An article by Cynthia Banham in the Sydney Morning Herald has touched on the relations between Australia and the region.

Stating that it is time to reappraise Australia's role in the South Pacific, the article provides one reason for this is the 'rather mixed legacy' John Howard left behind.

Despite Australia's good record in the last decade, the Howard years were 'seriously lacking' in diplomatic style leaving Australia with an image problem in 'the neighborhood'.

'Howard and his foreign minister, Alexander Downer, treated their Pacific Island counterparts with contempt, choosing to air complaints about them in press conferences and open letters to the public, rather doing as they would with, say, the president of the United States or the prime minister of Japan - and pick up the phone'.

Criticizing comments made by Mr. Howard and Mr. Downer's 'regular public disparaging' of Pacific Island leaders despite not being immune from similar criticisms themselves, the article goes on to say 'If Australia's prime minister and foreign minister treat political leaders of the South Pacific poorly, such behaviour can only seriously undermine the efforts of our diplomats on the ground, as well as Australia's influence in the region'.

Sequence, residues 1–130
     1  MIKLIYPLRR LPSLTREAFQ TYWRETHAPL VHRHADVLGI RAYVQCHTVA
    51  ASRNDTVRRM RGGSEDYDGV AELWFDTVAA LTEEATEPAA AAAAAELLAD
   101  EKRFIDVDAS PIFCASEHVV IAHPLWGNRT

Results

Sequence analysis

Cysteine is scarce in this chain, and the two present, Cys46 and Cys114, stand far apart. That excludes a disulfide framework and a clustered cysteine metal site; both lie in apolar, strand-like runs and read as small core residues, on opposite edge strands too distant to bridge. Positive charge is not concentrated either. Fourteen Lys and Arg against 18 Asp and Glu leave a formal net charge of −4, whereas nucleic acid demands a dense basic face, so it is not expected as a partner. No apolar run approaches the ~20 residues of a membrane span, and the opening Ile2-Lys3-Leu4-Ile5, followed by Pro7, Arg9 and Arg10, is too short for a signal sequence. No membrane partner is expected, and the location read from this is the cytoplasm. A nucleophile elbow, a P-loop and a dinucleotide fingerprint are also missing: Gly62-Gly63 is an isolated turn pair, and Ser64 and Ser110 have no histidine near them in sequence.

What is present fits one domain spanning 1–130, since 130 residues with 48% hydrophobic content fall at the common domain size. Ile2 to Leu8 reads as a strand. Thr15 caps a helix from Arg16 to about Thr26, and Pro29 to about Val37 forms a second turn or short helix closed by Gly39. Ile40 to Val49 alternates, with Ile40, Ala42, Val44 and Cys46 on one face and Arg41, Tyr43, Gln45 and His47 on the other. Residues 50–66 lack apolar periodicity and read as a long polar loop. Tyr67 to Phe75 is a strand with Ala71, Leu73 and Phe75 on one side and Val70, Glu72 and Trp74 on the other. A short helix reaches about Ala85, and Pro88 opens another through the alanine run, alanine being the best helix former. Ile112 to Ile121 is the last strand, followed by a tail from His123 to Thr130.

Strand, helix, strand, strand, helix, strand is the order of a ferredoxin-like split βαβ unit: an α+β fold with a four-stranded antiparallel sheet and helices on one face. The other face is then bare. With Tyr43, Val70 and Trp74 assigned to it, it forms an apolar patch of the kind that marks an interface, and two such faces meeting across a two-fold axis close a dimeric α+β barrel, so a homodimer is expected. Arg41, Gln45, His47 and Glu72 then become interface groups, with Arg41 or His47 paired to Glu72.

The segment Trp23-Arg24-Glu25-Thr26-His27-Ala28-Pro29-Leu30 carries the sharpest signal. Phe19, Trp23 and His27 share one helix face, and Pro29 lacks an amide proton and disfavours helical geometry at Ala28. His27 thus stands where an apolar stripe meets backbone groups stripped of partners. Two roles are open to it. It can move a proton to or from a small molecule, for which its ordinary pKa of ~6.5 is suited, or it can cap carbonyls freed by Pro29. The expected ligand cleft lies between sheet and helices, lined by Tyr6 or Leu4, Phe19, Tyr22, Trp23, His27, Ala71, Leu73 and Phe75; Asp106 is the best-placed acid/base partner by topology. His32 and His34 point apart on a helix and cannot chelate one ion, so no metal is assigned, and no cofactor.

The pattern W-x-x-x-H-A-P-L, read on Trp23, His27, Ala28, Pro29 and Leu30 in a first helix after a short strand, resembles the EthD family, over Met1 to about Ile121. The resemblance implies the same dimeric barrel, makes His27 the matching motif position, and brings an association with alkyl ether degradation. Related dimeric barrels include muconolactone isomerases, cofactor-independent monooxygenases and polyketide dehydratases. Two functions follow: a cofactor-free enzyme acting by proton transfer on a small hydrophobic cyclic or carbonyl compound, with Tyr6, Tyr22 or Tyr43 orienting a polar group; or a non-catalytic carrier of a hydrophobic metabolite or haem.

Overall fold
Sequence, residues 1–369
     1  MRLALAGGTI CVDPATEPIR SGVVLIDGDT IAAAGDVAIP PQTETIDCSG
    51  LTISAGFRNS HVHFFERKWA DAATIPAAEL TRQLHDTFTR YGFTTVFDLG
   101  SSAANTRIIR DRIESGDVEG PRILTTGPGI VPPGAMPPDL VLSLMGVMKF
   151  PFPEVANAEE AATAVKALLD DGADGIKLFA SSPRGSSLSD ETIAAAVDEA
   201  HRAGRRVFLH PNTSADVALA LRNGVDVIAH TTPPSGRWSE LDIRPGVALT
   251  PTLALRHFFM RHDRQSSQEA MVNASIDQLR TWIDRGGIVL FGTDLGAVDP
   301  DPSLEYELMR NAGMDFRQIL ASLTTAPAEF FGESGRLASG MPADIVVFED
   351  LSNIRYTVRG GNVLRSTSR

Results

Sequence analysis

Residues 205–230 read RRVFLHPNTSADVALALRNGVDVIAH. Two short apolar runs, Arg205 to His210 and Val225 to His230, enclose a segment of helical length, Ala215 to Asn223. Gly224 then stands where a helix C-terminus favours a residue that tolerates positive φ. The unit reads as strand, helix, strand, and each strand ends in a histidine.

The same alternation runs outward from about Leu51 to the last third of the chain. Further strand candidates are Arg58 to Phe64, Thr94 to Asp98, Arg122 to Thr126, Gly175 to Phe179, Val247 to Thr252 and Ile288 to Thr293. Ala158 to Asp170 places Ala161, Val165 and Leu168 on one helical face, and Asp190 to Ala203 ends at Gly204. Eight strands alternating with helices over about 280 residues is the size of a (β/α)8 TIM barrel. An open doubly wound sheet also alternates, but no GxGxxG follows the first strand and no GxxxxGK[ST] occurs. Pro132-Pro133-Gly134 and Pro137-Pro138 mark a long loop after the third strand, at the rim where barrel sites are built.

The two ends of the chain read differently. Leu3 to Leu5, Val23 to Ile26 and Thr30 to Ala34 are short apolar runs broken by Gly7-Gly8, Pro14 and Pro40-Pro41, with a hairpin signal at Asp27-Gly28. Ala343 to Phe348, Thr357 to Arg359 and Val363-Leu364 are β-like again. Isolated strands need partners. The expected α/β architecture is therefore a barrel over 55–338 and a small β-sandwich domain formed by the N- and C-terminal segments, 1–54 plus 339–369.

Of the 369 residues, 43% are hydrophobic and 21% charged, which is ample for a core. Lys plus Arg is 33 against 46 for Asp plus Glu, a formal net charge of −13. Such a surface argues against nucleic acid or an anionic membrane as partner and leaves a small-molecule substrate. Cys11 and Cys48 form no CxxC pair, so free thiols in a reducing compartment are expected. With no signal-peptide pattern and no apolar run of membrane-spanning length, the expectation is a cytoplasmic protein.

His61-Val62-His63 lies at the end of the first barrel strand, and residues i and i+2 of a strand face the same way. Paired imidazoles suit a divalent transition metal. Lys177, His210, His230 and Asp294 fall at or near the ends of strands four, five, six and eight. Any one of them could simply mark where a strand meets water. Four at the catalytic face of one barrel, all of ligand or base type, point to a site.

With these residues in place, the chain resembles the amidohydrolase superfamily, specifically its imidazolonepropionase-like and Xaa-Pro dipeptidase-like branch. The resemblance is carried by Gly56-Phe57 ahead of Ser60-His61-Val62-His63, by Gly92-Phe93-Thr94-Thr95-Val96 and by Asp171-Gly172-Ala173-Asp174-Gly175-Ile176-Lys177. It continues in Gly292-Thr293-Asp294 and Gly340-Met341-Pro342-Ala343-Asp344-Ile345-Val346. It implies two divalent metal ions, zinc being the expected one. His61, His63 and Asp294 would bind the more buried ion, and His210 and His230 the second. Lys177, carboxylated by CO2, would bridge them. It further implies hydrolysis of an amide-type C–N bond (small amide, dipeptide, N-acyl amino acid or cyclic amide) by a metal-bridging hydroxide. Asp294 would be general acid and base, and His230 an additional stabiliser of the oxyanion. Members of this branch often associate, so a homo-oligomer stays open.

According to the article, Australia's new Prime Minister, Kevin Rudd, has shown signs that he is willing to 'take a fresh approach', already meeting Papua New Guinean Prime Minister, Sir Michael Somare, who was banned by the Howard government for his alleged involvement in the Julian Moti affair.

Furthermore, the article points out that 'a thaw in relations with our Pacific neighbours could not come any sooner' in relation to the fact that 'the more fractured those bilateral relationships have become over the past few years, the more Pacific Island states have looked to the north for support - to China and Taiwan in particular. China, which unlike Australia does not place conditions on its aid, is now pouring hundreds of millions annually into the Pacific Island economies. As a result Australia faces a real risk of the Pacific Islands becoming staging posts for aggressive larger nations - something the Rudd Government is acutely aware of, and intends to make a focus'.

Prime Minster Rudd had announced two new initiatives in the Pacific during the election campaign, the Pacific Partnership for Development and Security and an Asia Pacific Centre for Civil-Military Co-operation.

However, the article goes on to question whether the politicians are solely to blame for the country's image problem in the region. It points out that despite having 'the island states at our doorstep, there is little teaching about Pacific cultures'. 'There is therefore nothing to move Australia beyond the "us and them" mentality which underpins our Pacific policy and the patronising behaviour of some of our politicians'.

While the article points out that a possible solution is labour mobility, which would bolster local economies and develop mutual understanding, this is, in the end, in the hands of the new government.